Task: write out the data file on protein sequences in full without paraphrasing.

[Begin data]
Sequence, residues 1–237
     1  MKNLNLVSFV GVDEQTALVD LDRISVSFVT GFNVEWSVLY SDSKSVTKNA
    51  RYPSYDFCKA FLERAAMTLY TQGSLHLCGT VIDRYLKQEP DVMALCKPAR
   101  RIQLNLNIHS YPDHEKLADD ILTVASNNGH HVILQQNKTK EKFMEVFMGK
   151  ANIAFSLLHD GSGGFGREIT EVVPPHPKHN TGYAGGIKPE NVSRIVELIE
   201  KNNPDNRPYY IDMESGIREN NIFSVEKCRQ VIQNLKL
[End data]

Sequence, residues 1–237
     1  MKNLNLVSFV GVDEQTALVD LDRISVSFVT GFNVEWSVLY SDSKSVTKNA
    51  RYPSYDFCKA FLERAAMTLY TQGSLHLCGT VIDRYLKQEP DVMALCKPAR
   101  RIQLNLNIHS YPDHEKLADD ILTVASNNGH HVILQQNKTK EKFMEVFMGK
   151  ANIAFSLLHD GSGGFGREIT EVVPPHPKHN TGYAGGIKPE NVSRIVELIE
   201  KNNPDNRPYY IDMESGIREN NIFSVEKCRQ VIQNLKL